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Introduction

CHEMICAL SYNAPTIC TRANSMISSION can be divided into four steps: (1) synthesis and storage of a transmitter substance, (2) release of the transmitter, (3) interaction of the transmitter with receptors at the postsynaptic membrane, and (4) removal of the transmitter from the synapse. In the previous chapters, we considered steps 2 and 3. We now turn to the initial and final steps of chemical synaptic transmission: the synthesis and storage of transmitter molecules and their removal from the synaptic cleft after synaptic action.

A Chemical Messenger Must Meet Four Criteria to Be Considered a Neurotransmitter

Before considering the biochemical processes involved in synaptic transmission, it is important to make clear what is meant by a chemical transmitter. The concept is empirical and has changed over the years with increased understanding of synaptic transmission and a corresponding expansion of signaling agents. The concept that a released chemical could act as a transmitter was introduced by the British physician George Oliver and his colleague Edward Albert Schaefer, who in 1894 reported that injection of an adrenal gland extract increases blood pressure (Sir Henry Dale claimed that Oliver discovered this by injecting the extract into his own son). The constituent responsible was independently identified by three laboratories in 1897, and competing claims for priority provide one reason that this transmitter has 38 different names in the Merck Index, including adrenaline (as it was obtained from the adrenal gland) and epinephrine.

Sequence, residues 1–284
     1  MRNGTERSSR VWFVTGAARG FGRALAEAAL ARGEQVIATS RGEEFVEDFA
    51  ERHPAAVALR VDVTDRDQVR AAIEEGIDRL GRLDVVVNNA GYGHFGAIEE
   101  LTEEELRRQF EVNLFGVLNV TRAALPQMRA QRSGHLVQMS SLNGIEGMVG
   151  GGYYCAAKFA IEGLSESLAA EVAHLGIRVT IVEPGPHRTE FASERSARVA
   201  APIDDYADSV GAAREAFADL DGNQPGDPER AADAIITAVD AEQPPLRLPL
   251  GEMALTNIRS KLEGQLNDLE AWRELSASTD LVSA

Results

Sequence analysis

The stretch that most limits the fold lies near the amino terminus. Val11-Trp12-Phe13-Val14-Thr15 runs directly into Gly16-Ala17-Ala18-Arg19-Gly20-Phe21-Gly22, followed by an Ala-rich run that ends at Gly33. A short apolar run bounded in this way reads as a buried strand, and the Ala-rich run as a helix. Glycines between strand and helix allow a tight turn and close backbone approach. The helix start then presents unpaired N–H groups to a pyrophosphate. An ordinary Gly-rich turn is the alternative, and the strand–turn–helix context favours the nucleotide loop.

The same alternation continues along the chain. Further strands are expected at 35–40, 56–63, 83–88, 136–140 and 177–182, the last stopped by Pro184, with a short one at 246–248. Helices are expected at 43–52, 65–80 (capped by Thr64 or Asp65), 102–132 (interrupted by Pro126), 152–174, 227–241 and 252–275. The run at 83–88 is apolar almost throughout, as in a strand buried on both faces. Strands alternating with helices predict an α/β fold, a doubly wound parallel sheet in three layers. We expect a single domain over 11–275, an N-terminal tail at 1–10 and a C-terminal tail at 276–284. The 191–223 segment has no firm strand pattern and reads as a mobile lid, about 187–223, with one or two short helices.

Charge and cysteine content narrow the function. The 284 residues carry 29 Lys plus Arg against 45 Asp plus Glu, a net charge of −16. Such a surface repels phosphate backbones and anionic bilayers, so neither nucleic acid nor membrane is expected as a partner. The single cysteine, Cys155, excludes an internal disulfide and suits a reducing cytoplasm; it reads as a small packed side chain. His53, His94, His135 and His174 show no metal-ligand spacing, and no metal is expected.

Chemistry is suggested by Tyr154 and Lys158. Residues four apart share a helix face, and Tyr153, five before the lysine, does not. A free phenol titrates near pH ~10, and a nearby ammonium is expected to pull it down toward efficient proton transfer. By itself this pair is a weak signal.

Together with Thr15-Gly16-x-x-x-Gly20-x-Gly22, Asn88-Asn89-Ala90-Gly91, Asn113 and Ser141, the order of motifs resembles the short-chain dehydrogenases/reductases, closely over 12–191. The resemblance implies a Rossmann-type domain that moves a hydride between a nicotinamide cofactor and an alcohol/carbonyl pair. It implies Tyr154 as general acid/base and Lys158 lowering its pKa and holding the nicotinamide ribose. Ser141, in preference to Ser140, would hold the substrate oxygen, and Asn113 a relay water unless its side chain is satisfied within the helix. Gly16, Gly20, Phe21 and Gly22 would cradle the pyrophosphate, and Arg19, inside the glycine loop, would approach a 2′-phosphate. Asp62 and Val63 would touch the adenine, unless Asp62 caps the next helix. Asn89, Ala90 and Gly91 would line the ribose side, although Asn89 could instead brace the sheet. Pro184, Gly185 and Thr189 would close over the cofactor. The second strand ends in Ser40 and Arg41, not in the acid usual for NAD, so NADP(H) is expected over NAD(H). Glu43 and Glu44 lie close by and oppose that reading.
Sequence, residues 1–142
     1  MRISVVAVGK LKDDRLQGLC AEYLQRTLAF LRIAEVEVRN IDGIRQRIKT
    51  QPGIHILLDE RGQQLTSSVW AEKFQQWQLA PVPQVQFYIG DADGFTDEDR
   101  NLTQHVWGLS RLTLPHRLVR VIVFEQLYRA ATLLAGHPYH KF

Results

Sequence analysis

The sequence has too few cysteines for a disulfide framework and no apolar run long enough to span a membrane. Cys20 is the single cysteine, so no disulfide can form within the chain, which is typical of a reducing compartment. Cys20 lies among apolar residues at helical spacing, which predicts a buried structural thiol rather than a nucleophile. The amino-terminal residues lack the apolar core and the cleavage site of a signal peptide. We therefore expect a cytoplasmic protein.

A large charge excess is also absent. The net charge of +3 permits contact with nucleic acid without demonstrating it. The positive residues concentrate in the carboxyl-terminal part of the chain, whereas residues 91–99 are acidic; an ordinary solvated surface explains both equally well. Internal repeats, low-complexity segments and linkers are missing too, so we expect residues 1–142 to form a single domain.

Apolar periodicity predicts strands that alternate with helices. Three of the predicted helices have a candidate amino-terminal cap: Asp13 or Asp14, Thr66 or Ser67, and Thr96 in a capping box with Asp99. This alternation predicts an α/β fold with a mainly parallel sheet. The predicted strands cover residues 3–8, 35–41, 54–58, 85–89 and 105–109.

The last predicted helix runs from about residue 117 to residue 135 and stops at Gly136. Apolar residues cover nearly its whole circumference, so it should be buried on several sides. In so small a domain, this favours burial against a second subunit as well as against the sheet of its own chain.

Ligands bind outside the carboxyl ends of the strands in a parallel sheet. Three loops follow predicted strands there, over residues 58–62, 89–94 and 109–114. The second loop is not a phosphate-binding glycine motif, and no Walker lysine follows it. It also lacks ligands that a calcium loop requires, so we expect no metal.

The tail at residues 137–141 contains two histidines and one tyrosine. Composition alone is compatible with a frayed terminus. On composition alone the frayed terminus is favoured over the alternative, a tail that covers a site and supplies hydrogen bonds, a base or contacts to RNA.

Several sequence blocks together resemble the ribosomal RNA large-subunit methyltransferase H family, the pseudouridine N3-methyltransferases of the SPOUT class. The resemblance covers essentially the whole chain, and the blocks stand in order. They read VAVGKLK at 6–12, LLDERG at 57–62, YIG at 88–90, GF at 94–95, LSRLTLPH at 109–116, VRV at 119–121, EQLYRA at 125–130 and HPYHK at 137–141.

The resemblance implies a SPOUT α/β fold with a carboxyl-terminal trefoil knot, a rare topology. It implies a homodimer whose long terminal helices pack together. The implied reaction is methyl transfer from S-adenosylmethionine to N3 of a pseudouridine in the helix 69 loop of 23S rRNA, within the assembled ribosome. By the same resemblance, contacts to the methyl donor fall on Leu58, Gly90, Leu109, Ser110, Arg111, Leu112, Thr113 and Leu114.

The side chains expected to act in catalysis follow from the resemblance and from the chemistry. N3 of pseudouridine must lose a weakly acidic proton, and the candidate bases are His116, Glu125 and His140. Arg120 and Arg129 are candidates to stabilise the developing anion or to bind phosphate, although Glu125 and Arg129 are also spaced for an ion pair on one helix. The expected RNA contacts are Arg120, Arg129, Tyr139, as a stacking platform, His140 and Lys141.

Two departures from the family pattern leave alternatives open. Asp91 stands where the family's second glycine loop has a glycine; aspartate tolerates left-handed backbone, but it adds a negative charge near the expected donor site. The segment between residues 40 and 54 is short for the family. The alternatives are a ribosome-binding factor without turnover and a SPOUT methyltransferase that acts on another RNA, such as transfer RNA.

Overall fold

Experiments reported in 1904 by Thomas Elliott, a student in the lab of the physiologist John Langley, are generally credited as the first report of chemical neurotransmission. Elliott concluded that “adrenaline might then be the chemical stimulant liberated on each occasion when the impulse arrives at the periphery.” Not incidentally, Elliott also proposed as early as 1914 that nerves could accumulate transmitter by an uptake system, suggesting that adrenal gland signaling might “depend on what could be picked up from the circulating blood and stored in its nerve endings,” although uptake mechanisms were not demonstrated until more than 40 years later.

In 1913, Arthur Ewins, working with Henry Dale, discovered acetylcholine (ACh) as a component of the ergot fungus. In 1921, Otto Loewi demonstrated that stimulation of the vagus nerve terminals in frog hearts released “vagustoff,” which was later shown to be ACh. Dale and Loewi later shared the Nobel Prize in 1946. The terms cholinergic and adrenergic were introduced to indicate that a neuron makes and releases ACh or norepinephrine (or epinephrine), respectively, the two substances first recognized as neurotransmitters. The term catecholaminergic, encompassing dopamine and the adrenergic transmitters, was derived from one of many natural sources, the catechu tree of India. Since that time, many other substances have been identified as transmitters.

The first secretory vesicles shown to accumulate and release neurotransmitters were the chromaffin vesicles of the adrenal gland, named in 1902 by ...

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